The first trimester of pregnancy is crucial for placental development, which in turn provides for organogenesis and fetal growth [41]. To set clinically relevant experimental concentrations, we examined the literature on circulating alcohol concentrations that might be achieved during binge drinking. A blood alcohol concentration of 0.08% by volume (approximately 17.7 mM) is the defined intoxication limit for driving in the UK and USA. Literature on peak blood-alcohol suggests that 40 mM causes intoxication in a normal population; 40 mM alcohol can result from an exposure equivalent to 4–5 units (3–4 standard drinks). The average peak blood acetaldehyde concentration is in the range 26–43 µM [12], [15], [16], [34], [42], [43]. Pharmacological studies in animals have used as much as 50–100 mM ethanol administered daily [19]. We have shown that ethanol or acetaldehyde at clinically relevant concentrations (≤40 mM and ≤40 µM respectively) has adverse effects on two key aspects of trophoblast function: proliferation and nutrient transport. These placental effects suggest potential mechanisms by which maternal alcohol consumption could impact on fetal development.

Placental insufficiency, diagnosed at term, has been documented as a leading cause of FGR [11], [44], and growth restriction is associated with extreme chronic level alcohol consumption [19], [23], [24]. Although genetic differences in alcohol metabolism generates conflicting data in human pregnancies, placentas obtained from women who have consumed alcohol during pregnancy contain more villous infarction, thrombosis and vascular abnormalities, compared to non-exposed pregnancies [45][47]. Furthermore, trophoblast proliferation is reduced in FGR [48].

Primary cultured cytotrophoblasts rapidly exit the cell cycle, but we have shown that proliferation can be studied in placental explant cultures which retain the naturally occurring polarity and intrinsic environment of the trophoblast epithelium [49][52]. Our results indicate that ethanol above 20 mM and acetaldehyde at 40 µM attenuated cytotrophoblast but not stromal cell proliferation in first trimester placental tissue. Term human trophoblasts exposed to ethanol have also been previously shown to decrease in proliferation, but in concentrations up to 100 mM [34], [53]. The resulting changes in placental development are reflected by significant reduction in fetal weights [19], [24]. These data suggest that alcohol exposure as well as acetaldehyde can adversely affect placental growth throughout pregnancy.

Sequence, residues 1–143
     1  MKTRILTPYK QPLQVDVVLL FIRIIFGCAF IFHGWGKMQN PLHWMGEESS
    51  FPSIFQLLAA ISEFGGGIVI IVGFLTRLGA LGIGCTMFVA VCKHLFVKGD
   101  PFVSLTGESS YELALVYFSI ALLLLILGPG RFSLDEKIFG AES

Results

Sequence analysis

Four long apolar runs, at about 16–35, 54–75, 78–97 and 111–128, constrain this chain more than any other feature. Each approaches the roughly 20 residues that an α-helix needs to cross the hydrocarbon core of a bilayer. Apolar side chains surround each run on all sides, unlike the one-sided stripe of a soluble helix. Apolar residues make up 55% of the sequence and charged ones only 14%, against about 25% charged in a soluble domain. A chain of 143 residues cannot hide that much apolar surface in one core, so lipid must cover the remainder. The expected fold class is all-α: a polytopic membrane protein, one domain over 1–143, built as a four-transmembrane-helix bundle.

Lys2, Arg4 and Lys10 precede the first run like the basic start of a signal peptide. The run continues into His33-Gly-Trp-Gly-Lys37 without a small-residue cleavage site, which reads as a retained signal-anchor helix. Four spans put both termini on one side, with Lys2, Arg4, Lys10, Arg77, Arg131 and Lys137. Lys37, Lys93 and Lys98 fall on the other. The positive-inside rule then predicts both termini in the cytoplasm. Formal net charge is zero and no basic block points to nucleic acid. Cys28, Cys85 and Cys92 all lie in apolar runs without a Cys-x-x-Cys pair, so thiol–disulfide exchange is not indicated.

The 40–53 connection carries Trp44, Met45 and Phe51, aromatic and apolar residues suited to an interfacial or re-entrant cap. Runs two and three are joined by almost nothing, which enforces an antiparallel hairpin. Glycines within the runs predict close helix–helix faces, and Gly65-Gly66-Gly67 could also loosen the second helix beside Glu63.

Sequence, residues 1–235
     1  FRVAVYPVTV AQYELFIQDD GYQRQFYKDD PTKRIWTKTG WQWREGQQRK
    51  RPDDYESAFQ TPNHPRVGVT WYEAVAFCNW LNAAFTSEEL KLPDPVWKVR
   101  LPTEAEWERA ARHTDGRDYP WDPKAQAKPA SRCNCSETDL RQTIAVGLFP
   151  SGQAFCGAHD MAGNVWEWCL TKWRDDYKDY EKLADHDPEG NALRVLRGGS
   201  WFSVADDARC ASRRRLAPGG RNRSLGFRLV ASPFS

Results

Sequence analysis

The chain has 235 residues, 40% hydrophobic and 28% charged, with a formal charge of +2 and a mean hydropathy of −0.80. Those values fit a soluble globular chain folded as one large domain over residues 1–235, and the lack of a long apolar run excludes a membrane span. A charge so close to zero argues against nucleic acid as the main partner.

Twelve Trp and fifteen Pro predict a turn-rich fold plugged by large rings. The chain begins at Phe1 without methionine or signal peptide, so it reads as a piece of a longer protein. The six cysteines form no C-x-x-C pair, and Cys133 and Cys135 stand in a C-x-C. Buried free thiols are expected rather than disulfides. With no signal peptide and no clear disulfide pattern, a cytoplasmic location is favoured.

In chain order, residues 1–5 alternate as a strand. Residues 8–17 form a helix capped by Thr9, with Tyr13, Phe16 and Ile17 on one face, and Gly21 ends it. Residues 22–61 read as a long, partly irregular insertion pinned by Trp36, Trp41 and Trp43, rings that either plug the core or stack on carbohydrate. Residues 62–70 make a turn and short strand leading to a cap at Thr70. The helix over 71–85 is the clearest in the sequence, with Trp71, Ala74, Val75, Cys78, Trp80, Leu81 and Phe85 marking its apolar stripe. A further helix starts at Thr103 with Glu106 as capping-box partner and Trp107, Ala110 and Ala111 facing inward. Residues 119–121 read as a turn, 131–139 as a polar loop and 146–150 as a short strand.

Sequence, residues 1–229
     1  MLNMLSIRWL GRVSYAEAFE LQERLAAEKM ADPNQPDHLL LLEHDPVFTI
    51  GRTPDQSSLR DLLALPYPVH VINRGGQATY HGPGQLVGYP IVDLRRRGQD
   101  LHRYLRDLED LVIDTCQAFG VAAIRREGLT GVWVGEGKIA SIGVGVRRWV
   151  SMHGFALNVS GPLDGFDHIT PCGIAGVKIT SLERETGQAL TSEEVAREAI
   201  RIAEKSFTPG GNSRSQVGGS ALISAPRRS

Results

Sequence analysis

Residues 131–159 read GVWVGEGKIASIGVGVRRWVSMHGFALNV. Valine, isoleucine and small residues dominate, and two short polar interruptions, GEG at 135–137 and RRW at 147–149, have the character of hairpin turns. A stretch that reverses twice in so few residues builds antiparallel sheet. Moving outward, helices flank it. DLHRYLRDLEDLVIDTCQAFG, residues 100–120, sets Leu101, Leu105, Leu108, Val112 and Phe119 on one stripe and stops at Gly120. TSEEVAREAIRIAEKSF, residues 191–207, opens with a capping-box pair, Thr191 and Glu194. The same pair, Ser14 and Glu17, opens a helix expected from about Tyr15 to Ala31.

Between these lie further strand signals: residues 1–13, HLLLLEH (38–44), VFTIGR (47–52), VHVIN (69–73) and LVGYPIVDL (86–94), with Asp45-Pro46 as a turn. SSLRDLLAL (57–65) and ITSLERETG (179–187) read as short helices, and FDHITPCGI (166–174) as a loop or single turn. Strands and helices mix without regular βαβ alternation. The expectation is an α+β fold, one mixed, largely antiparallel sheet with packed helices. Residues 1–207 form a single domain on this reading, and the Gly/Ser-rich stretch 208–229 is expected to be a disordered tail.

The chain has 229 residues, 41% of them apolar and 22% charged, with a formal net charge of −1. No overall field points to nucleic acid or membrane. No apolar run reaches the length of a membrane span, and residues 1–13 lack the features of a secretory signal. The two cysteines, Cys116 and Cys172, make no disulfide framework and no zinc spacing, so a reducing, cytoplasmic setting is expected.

SGHPL-4 cells were derived from transformed first trimester extravillous cytotrophoblasts and have retained invasive characteristics [49], [54]. A strong trend towards inhibition of migration was observed through a matrigel barrier after ethanol and acetaldehyde exposure (ethanol at 40 mM and acetaldehyde at 20 µM and 40 µM p = 0.055–0.06); limitations of access to cells for this study precluded more experiments to confirm a statistically significant effect. However, other studies using immortalised extravillous cytotrophoblast cells have shown that motility can be inhibited at approximately 17 mM of alcohol over 48 hours [55]. In rat, ethanol exposure reduces the number of invasive trophoblast giant cells [56] and induces cell death in the spongiotrophoblast layer [19]. Proficient extravillous cytotrophoblast invasion in the early first trimester plays a critical role in transforming maternal arteries, supporting a stable low pressure supply of nutrients and gases [57]. Defective invasion of extravillous cytotrophoblasts with reduced arterial remodelling is associated with a range of pregnancy pathologies [9], [10] including FGR [58]. Further work will be needed to assess the impact of alcohol consumption on invasion and vascular remodelling in the first trimester placental bed.

The placental system β amino acid transporter is responsible for providing the fetus with taurine, a sulphur-amino acid with anti-oxidant properties that may be neuroprotective during fetal development [37]. Maternal taurine deficiency is also associated with arrest in fetal growth [59], [60], affecting beta cell development and insulin sensitivity [61]. This study demonstrates detrimental effects of clinically relevant ethanol concentrations on the taurine transporter in both BeWo, an epithelioid trophoblast cell line of lower invasive potential [38], [62][64], and explants of first trimester placenta. Even at the lowest concentration used, equivalent to an approximate a blood alcohol concentration of 0.05 (% of volume), is able to disrupt normal taurine transporter function. In humans, taurine is maternally derived during pregnancy as fetal production is insufficient to support development [60]. Maternal taurine deprivation in animal models demonstrates decreased fertility and increased incidence of fetal resorption and stillbirth in feline and rodent models [59], [65][67]. Surviving neonates have lower birth weight, decreased brain weight and experience slower growth [59], [60]. In the complete absence of taurine transporters, knock-out mice are significantly growth restricted at birth, and have visual, auditory, and muscular alterations in adulthood compared to their wild types [68].